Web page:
Teaching About the #NoDAPL Water Protectors
One of the greatest organizing efforts to protect land, human rights, and the future of this planet is taking place in North Dakota. The Standing Rock Sioux, joined now by members of more than 200 other Native American tribes and other allies, are taking a stand to oppose the Dakota Access pipeline, which threatens to destroy sacred land and contaminate water supplies in the region.
Dave Archambault, chairperson of the Standing Rock Sioux Tribe, explains,
In recent weeks, the state has militarized my reservation, with road blocks and license-plate checks, low-flying aircraft and racial profiling of Indians. The local sheriff and the pipeline company have both called our protest “unlawful,” and Gov. Dalrymple has declared a state of emergency.
It’s a familiar story in Indian Country. This is the third time that the Sioux Nation’s lands and resources have been taken without regard for tribal interests. The Sioux peoples signed treaties in 1851 and 1868. The government broke them before the ink was dry.
When the Army Corps of Engineers dammed the Missouri River in 1958, it took our riverfront forests, fruit orchards and most fertile farmland to create Lake Oahe. Now the Corps is taking our clean water and sacred places by approving this river crossing. Whether it’s gold from the Black Hills or hydropower from the Missouri or oil pipelines that threaten our ancestral inheritance, the tribes have always paid the price for America’s prosperity.
Protecting water and our sacred places has always been at the center of our cause. The Indian encampment on the Cannonball grows daily…
Longtime Native American activist and executive director of the group Honor the Earth, Winona LaDuke says of the #NoDAPL protectors,
It’s time to end the fossil fuel infrastructure. I mean, these people on this reservation, they don’t have adequate infrastructure for their houses. They don’t have adequate energy infrastructure. They don’t have adequate highway infrastructure. And yet they’re looking at a $3.9 billion pipeline that will not help them. It will only help oil companies. And so that’s why we’re here. You know, we’re here to protect this land.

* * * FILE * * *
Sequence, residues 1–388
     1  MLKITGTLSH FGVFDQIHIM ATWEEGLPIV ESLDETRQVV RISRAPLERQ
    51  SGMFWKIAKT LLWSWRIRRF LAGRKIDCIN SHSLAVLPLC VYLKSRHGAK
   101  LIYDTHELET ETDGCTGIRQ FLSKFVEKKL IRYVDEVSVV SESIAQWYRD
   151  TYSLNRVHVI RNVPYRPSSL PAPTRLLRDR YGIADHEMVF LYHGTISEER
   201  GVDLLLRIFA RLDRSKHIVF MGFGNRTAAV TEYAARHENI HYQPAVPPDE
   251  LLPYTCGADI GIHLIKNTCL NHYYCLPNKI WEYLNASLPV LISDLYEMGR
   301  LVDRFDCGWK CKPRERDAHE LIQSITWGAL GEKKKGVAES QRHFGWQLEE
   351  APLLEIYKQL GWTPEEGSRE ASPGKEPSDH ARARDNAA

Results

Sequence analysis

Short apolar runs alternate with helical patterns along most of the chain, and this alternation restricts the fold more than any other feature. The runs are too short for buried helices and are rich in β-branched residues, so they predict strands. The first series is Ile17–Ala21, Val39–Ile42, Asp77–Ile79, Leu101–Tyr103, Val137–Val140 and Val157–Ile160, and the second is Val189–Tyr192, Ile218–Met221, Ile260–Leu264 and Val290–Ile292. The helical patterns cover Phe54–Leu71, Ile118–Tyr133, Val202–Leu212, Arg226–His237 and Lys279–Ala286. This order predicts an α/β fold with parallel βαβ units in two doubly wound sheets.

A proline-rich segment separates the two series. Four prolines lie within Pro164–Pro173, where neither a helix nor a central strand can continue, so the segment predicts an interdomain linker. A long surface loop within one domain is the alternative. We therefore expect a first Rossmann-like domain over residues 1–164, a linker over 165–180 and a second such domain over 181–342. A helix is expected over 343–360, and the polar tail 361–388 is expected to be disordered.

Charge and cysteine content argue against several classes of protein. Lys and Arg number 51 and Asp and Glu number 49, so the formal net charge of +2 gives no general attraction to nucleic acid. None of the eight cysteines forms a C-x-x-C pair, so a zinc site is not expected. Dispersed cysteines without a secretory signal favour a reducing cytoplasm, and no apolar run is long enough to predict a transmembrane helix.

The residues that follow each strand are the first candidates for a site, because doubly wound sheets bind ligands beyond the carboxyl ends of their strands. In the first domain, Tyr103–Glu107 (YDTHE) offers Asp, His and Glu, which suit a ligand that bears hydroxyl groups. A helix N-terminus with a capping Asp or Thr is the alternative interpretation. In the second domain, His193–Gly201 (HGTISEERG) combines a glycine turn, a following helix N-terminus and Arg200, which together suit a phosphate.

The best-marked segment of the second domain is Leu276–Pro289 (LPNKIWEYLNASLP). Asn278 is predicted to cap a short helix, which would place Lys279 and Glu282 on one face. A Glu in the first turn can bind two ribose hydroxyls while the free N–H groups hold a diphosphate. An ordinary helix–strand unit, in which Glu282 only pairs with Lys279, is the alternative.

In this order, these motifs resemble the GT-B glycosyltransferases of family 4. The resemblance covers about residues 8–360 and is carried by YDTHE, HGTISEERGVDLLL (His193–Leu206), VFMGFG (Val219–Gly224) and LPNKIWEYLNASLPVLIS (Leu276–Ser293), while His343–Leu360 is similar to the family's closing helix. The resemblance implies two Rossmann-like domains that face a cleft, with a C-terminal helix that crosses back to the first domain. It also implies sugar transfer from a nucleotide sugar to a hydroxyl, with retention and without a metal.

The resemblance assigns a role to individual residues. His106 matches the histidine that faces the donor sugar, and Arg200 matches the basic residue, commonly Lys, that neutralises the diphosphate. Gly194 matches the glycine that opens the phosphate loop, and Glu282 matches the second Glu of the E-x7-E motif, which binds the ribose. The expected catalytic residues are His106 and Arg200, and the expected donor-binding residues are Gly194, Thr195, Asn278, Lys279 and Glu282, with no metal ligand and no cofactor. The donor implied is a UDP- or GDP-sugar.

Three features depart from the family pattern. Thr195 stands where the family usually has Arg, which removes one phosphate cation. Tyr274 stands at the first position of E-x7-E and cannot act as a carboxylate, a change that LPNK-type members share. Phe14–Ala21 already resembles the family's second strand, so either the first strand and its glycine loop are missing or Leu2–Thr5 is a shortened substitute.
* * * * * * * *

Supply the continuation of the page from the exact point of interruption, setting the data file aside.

We encourage teachers across the country to keep abreast of the news about the protest. Debbie Reese, a tribally enrolled member of the Nambe Owingeh explains in her post If You Care about American Indians… Keep Abreast of Native News,
The decision to say ‘no’ to the Dakota Access Pipeline is one that matters for Native people and for anyone whose health will be at risk when that proposed pipeline leaks. As the people who are gathering there and elsewhere are saying, this is about water. We all need it…
You may have friends, or your children may have friends, who aren’t where you are in terms of knowing that we’re part of today’s society. Far too many people think we no longer exist, and far too many think that if we wear jeans and drive cars, then, we aren’t “real” Indians. They don’t know what “real” Indians are!
|Rezpect Our Water!
This campaign website highlights the role of youth who oppose the construction of the Dakota Access Pipeline, with video and letters written by Standing Rock youth.
|Dirty Oil and Shovel-Ready Jobs: A Role Play on Tar Sands and the Keystone XL Pipeline
Students role play a public hearing about the Keystone XL pipeline. By Abby Mac Phail, Rethinking Schools. Available for free download at the Zinn Education Project.
|‘Don’t Take Our Voices Away’: A Role Play on the Indigenous Peoples’ Global Summit on Climate Change
This role play was inspired by the 2009 Indigenous Peoples’ Global Summit on Climate Change. By Julie Treick O’Neill and Tim Swinehart, Rethinking Schools. Available for free download at the Zinn Education Project.
|A People’s Curriculum for the Earth
Edited by Bill Bigelow, Tim Swinehart.
|Heroes of the Environment: True Stories of People Who Are Helping to Protect Our Planet
By Harriet Rohmer.
Books: American Indians
|An Indigenous Peoples’ History of the United States
By Roxanne Dunbar Ortiz.
|In the Footsteps of Crazy Horse
By Joseph Marshall III.